They know SAMe Presenting Nutralife, the innovators who introduced the top-selling supplement, SAMe, to the United States. SAMe has been studied in numerous clinical trials involving thousands of patients over the last three decades. It is used to promote healthy liver function and joint mobility, and to maintain mood and cognitive function. Many veterinarians have already prescribed Nutralife’s Original SAMeTM for their patients. Nutralife now introduces the NutralifePet line of SAMe, tailor made in multiple doses and sizes to meet the unique needs of the veterinary market. NutralifePet aims to make quality supplements affordable to all pet owners. See the NutralifePet ad in this issue.

Learning opportunity If you’re interested in adding massage and bodywork to your practice, check out Integrated Touch Therapy, Inc. President and primary instructor Patricia Whalen-Shaw is a licensed massage therapist in Ohio and nationally certified by the NCBTMB. She has been teaching equine, canine and feline massage to practitioners for 20 years. Classes are small with hands-on practice and hundreds of hours of schooling. Massage and bodywork can be used to generate additional income for your practice; it can help older dogs move more freely, can be used in the prevention and early detection of disease, especially masses, may speed hair growth by increasing circulation, and keep animals calm during office visits.

For patient anxiety Examining a tense or frightened animal can be challenging. Rescue Remedy Pet is an all-natural stress reliever that can help calm pets in any stressful situation, including vet visits. It contains the same five Bach Flower Remedies used in the original formula created for humans over 75 years ago, but in an alcoholfree, glycerin-based preservative ideal for sensitive animal patients. Rescue Remedy Pet is available in 10ml or 20ml drops and is suitable for all animals including dogs, cats, horses, birds and rabbits.

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Rx for renal failure

Omega Alpha Pharmaceuticals Inc. has developed two new products to round out their line of herbal-based liquid nutraceutical formulations for cats, dogs and small animals. The new products address common pet needs such as respiratory health with Lung Tone™, and pain and inflammation with E-Z Mobility™. Omega Alpha Pharmaceuticals has been GMP certified for manufacturing to pharmaceutical standards since its inception in 1992, and is site licensed for manufacturing nutraceuticals by the Natural Health Products Directorate (NHPD), a division of Health Canada.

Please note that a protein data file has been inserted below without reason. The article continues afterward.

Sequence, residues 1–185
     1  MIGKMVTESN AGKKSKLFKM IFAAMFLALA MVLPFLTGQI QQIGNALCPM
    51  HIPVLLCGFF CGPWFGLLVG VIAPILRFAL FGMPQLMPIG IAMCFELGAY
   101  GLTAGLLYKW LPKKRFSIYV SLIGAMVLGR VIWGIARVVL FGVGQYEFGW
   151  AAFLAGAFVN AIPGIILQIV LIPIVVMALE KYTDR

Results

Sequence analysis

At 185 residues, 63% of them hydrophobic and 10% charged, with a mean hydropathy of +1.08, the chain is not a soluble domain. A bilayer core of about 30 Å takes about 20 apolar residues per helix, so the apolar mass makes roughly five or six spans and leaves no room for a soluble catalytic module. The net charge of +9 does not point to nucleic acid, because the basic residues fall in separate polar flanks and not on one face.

Kidney issues are common in cats. Rx Renal Feline is a complex formulation of multiple botanical extracts and nutraceuticals that has shown efficacy in normalizing renal blood values in patient trials. Each ingredient is supported by scientific evidence that shows its usefulness in effectively addressing elevated renal values. This formula is well tolerated in cats, and positive clinical results can be achieved in as little as two weeks. For more information, Rx Vitamins offers a comprehensive Technical Report. integrative veterinary care


tech talk

Introduction to Reiki This safe and effective energetic healing modality is backed up by promising preliminary research. Find out how you can use it to support the animals you care for. by Kathleen Prasad

Because it is holistic in nature, Reiki can address both physical and emotional issues. It supports healing on all levels. It is an ideal therapy to use with animals because it is gentle, painless and stress-free, does not require direct physical contact in order to be effective, and allows animals to choose their own level of participation and acceptance of the energy.

ast year, Dr. Oz declared Reiki his No. 1 alternative medicine secret. With 40% of Americans having tried alternative medicine – and 60% of US households home to at least one pet – many people are increasingly turning to Reiki and other holistic therapies to help their animals. Thanks to Reiki’s increasing popularity, many integrative veterinarians now offer it and other energy healing options in the clinic environment. Many conventional veterinarians are also learning more about Reiki as a holistic option, at the request of their human clients. Reiki literally means “spiritual energy” and refers to a Japanese healing system that uses specific meditative, breathing and other practices to support energetic rebalancing and the self-healing process.


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Maybe you work in an integrative clinic where Reiki is already part of the healing program. Or perhaps you work for a veterinarian who is at present unaware of how Reiki can help the animals in her care. In either case, there are many benefits to learning Reiki.

Benefit 1: Reiki is easy to use and will not take away from your regular duties. Reiki is something you can use any time during the day whenever an animal might need some extra support. Although longer and more focused treatments are extremely helpful, you can also use Reiki quickly and easily with some simple focus and breathing techniques. This particular benefit has already been documented for nurses in “Effects of Reiki on Autonomic Activity Early After Acute Coronary Syndrome” a study that appeared in the Journal of the American College of Cardiology (2010;56;995-

995). In this study, Reiki-trained nurses provided this therapy to patients on cardiac units. The study showed they were able to incorporate these treatments (and their therapeutic benefits) into the standard care protocol without disruption or additional cost.

Support of Cancer Patients” by Pamela Miles in Advances (Fall, 2007, Vol. 22, No. 2). This human study showed how Reiki relieves symptoms such as anxiety and pain, helping patients feel better, “frequently within minutes.”

Benefit 4: Reiki self-care can reduce stress at work.